Insert Picture from File

You'll be able to navigate to the folder where you have stored digital photos or other images., starting off in the Windows My Pictures folder. You're able to preview images before choosing one.

Preview images

You may have to resize the imported image to fit your design.

To add another slide, click the Insert menu then select New Slide. Again, you'll see the New Slide dialogue box to pick a slide design. Repeat as needed.
Backgrounds

Assuming you've created all your slides and added your text and images, you may decide that you want something other than a plain white background. To change the background on one (or more) slides, select a slide from the Slides list on the left. Then click on the Format menu, then choose Backgrounds. You'll see:

Backgrounds

I got the secondary pop-up by clicking the little arrow beside the empty space near the bottom of the initial dialogue box... but even this is a pretty slim set of choices. Click More Colors... to see:

More colors...

This (or the Custom tab) gives far more colour options. Alternatively, clicking Fill Effects (see above) gives many more choices:

Fill Effects

Notice that you have several tabs. Gradients smoothly change from one colour to another, in a variety of ways. You can pick each colour, and then the style of the change. Texture have a variety of backgrounds, such as marble, denim, brown paper, etc. Patterns are (fairly boring) cross hatch and plaids, while the Picture tab lets you select a picture stored on your hard drive.

When you select a background, you have the option to apply it to the currently-selected slide  or to all your slides.

Note that if you select a dark background, you may find that your text becomes less readable. In that case, you can either change the background, or change your font colour. To change the font colour, select a piece of text (you'll need to select each block of text on each slide individually), then click on the Format menu and select Font. You'll see an item allowing you to change the colour of the selected text.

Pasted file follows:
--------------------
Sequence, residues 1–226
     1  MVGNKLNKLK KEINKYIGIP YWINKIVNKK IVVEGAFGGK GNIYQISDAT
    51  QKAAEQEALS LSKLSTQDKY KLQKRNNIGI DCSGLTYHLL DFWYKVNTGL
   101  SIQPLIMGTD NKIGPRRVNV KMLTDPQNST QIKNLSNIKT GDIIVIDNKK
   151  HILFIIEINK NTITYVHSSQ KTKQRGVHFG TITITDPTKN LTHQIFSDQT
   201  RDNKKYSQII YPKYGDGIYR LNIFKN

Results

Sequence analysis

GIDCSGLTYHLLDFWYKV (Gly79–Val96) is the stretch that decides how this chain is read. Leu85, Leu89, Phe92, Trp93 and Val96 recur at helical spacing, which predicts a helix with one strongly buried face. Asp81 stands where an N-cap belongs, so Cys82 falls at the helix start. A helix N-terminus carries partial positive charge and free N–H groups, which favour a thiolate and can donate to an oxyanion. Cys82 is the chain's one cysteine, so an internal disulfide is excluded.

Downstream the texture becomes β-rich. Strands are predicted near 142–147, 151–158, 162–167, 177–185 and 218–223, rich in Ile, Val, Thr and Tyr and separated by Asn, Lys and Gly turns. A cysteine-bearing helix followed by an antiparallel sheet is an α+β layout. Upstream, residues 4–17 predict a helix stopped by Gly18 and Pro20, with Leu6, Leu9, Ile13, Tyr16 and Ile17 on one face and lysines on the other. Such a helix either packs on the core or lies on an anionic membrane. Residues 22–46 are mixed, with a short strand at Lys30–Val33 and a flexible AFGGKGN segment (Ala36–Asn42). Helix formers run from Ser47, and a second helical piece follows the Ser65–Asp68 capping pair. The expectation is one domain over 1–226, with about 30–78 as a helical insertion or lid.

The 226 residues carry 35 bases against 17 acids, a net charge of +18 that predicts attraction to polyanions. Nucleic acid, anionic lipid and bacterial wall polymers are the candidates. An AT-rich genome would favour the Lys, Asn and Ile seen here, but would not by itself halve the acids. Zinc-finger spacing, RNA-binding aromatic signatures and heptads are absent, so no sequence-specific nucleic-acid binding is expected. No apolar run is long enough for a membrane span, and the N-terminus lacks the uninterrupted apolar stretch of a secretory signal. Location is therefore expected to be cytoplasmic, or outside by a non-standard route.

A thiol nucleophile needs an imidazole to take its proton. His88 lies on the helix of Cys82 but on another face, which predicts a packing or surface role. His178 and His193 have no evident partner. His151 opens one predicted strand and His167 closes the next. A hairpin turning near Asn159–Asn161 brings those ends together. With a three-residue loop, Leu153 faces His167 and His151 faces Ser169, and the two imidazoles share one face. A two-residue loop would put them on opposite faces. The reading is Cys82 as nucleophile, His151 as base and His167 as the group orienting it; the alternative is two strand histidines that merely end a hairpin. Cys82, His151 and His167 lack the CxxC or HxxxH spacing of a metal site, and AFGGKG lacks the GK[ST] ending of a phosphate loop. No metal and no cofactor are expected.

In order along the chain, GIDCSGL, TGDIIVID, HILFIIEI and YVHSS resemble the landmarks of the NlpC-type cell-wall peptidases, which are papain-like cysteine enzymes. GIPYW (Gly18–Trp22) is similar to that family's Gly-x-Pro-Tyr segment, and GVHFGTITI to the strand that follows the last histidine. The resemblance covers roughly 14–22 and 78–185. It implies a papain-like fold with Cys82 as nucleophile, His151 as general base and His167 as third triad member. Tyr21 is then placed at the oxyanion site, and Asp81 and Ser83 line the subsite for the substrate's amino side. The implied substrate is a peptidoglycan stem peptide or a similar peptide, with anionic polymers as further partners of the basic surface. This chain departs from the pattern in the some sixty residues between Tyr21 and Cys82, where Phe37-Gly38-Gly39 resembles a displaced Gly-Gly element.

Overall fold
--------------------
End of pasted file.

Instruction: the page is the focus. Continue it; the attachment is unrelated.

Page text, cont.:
Format-Font

Alternatively, you change the colour of all the Titles or all the Text at once. To do that, click the Format menu and select Slide Color Scheme. Go to the Custom tab, click on an item to change, and click on the Change Color button:

Color Scheme

Again, you can choose to make changes only to the current slide or to all slides.


Setting Transitions

Transitions are special effects that optionally take place when a new slide appears on screen. Tastefully done, they are a plus. Choosing a different, complex transition for each slide can distract from your talk. Moreover, complex transitions may not display smoothly on older hardware-- even if they appear to display properly in the preview. Always check out your transitions by running your slide show.

To apply a transition to a slide, select the slide, then click on the Slide Show menu and choose Slide Transition. You'll see:

Slide transition